Cuddle up with your pillow to encourage more vivid, memorable dreams and to help you to access the intuitive guidance that they contain.

For several years, mugwort aided me in the process of tapping into my subconscious and keeping dream journals (until I decided that my dreams had become vivid and memorable enough, thank you!)

Of course, there is no guarantee as to the nature of your dreams. A friend of mine once told me that every time her boyfriend slept over, she would find her dream pillow tossed out of the bed when she arose in the morning!

Mugwort is beloved by healers and seers

Medicinally, acupuncturists burn dried mugwort as moxa on acupuncture points of the body as an alternative to needles. Moxa is known in Chinese medicine to strengthen the blood, stimulate the flow of qi, and maintain general health, making this extraordinary plant beloved of healers and seers alike.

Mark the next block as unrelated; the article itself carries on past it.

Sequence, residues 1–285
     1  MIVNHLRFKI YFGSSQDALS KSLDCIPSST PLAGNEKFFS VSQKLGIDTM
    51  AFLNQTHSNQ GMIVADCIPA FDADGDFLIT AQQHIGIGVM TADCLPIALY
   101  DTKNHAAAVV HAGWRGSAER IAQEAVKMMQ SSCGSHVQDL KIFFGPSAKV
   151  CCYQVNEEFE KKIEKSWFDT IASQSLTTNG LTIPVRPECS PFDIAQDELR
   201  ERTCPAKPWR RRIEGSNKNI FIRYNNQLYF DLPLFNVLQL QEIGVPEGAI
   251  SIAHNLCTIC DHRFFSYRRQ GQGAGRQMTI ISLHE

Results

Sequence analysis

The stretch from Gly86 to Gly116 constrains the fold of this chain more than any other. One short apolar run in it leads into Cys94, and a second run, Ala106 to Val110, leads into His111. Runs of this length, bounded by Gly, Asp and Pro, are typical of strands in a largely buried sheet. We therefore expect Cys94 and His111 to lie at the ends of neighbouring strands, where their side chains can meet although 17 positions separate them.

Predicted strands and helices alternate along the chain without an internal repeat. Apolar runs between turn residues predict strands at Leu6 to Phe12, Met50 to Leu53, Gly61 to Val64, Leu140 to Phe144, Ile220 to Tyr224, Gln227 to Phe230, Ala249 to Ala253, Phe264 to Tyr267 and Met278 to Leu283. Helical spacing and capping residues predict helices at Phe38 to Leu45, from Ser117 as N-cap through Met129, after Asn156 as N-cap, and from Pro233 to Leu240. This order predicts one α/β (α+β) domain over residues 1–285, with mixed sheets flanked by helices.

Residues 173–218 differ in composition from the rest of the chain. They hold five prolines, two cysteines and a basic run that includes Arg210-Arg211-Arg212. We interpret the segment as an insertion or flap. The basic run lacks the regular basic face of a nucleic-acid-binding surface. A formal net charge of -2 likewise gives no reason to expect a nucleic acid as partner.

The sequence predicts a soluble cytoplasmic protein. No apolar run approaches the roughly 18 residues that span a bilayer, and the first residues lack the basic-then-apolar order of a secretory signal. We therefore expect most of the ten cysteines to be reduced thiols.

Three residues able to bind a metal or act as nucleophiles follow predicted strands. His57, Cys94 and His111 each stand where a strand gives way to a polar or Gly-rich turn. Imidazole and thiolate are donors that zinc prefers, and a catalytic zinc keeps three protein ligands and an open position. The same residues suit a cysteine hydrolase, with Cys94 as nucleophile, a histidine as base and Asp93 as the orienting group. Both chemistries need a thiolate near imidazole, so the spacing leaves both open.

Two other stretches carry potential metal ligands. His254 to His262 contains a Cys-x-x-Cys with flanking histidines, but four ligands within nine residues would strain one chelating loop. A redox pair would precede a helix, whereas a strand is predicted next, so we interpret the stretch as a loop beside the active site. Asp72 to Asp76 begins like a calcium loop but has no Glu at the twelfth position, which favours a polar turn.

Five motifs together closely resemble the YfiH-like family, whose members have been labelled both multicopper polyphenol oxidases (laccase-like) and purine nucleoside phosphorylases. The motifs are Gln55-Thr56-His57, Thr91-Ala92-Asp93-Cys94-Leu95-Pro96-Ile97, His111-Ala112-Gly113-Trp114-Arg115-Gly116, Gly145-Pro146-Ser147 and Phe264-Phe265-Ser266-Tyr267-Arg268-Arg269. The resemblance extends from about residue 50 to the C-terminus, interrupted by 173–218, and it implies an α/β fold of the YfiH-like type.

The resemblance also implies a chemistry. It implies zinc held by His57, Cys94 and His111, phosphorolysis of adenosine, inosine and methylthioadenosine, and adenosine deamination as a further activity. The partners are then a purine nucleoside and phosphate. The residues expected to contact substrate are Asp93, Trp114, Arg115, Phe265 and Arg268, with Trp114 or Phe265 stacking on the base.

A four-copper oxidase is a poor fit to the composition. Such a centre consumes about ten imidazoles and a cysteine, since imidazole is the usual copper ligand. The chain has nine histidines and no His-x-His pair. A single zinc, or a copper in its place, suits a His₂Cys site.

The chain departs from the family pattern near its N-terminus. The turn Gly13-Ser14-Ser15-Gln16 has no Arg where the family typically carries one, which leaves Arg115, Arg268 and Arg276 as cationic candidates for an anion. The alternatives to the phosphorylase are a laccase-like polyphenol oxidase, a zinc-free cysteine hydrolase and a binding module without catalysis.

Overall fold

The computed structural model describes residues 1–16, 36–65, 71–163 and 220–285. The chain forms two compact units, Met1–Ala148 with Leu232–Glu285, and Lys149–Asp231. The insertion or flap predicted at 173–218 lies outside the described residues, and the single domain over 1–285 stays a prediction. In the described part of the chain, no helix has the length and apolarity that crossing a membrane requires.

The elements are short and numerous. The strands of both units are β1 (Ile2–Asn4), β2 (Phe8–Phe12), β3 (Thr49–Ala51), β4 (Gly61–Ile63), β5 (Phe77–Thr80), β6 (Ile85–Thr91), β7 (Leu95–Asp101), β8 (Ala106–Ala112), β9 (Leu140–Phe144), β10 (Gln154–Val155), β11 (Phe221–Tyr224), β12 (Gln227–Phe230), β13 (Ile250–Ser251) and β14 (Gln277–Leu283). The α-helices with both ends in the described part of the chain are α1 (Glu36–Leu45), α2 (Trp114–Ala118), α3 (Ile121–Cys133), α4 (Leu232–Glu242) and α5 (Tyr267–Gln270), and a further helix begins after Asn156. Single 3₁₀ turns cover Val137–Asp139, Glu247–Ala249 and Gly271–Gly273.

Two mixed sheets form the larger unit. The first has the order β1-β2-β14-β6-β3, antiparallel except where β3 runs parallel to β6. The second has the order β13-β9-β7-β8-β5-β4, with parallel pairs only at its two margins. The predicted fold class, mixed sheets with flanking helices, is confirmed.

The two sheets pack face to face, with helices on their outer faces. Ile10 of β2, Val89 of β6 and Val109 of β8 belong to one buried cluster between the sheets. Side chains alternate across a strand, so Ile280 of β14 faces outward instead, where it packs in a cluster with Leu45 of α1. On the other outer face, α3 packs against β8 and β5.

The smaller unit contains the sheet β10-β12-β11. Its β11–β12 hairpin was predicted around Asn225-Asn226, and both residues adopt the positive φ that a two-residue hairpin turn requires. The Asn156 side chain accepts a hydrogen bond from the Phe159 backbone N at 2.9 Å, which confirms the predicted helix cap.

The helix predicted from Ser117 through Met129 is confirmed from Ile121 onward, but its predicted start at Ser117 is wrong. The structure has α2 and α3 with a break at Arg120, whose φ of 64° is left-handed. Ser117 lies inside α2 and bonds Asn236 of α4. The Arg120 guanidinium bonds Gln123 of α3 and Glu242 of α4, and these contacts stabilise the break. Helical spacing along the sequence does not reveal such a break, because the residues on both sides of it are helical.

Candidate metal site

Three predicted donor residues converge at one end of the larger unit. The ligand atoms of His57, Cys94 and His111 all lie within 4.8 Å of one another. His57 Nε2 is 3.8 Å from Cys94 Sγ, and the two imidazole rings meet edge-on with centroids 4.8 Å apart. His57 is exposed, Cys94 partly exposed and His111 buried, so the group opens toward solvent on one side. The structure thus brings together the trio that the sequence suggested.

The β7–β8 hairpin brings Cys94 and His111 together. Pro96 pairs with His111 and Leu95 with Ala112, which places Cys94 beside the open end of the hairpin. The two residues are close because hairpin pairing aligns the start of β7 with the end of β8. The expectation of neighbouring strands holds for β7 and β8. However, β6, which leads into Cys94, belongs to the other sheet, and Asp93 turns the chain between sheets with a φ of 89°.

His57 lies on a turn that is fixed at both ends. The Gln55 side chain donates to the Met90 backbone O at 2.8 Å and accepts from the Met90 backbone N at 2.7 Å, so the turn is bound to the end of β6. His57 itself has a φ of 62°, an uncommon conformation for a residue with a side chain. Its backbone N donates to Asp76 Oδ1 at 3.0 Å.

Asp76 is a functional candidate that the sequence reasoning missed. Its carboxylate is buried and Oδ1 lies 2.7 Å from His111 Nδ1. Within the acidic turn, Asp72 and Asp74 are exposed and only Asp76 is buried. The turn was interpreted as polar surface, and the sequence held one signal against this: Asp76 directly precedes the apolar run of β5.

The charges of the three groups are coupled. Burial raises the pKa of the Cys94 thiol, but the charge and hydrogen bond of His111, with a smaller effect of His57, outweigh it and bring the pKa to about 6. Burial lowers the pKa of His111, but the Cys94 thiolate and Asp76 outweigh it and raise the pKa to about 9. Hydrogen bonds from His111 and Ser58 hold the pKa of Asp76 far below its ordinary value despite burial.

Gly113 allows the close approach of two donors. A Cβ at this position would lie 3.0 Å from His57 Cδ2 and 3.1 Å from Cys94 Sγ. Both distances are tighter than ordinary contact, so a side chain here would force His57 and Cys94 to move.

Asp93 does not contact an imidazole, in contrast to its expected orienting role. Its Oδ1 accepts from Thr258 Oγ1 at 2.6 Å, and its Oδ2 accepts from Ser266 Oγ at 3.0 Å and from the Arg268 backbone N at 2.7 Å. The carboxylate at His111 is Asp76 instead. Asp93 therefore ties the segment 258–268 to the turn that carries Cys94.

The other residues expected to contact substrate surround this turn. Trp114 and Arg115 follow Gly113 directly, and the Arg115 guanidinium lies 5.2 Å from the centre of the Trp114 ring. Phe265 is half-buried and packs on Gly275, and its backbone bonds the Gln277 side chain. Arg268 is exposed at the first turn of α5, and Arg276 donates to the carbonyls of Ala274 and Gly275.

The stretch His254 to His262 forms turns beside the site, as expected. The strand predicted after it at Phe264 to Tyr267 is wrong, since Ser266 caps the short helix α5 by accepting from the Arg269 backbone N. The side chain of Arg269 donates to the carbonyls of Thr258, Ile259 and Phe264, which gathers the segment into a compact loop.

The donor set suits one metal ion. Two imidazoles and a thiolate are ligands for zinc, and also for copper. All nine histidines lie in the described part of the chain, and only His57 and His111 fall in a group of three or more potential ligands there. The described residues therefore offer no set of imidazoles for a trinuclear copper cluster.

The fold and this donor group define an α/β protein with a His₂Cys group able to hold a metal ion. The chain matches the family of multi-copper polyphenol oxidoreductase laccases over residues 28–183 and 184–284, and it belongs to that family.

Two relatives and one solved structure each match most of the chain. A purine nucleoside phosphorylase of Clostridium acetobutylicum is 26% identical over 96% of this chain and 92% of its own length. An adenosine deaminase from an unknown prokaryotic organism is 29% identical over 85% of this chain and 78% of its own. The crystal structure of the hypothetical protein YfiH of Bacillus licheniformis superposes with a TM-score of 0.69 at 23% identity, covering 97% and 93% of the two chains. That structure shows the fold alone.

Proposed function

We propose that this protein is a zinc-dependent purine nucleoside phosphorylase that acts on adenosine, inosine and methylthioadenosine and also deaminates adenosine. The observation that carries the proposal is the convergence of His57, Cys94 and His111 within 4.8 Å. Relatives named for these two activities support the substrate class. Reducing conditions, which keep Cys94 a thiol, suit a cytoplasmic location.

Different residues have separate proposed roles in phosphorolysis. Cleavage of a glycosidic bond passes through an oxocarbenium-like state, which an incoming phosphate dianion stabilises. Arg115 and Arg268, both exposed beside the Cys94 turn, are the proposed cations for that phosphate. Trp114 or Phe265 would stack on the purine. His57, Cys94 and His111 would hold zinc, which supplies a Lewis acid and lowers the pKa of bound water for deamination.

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As for my gardener friend, she isn’t a total convert. She has cleared the mugwort from around most of her prized flowerbeds, but, happily, the stand near her greenhouse remains. She’s also been working on a lovely little needlepoint “sachet” for mugwort.

As a sister of the plants who loves green and growing things, the benefits of mugwort are many for you to explore. May her mysteries be unveiled as you connect with this magical plant.

In whatever form mugwort enters your life, may she bring you good health and sweet dreams.

And remember, wild plants make wild women—maybe mugwort most of all!

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Corinna Woodseasoned teacher and mentor along the Wise Woman path–from herbs to self love

I've been teaching earth-based, woman-centered holistic healing for 30 years. Today, I offer tools to ground you in your own innate wisdom, discernment, and self-understanding. 

I invite you to explore my blog articles, free resources, and online courses—made just for wonderful women like you.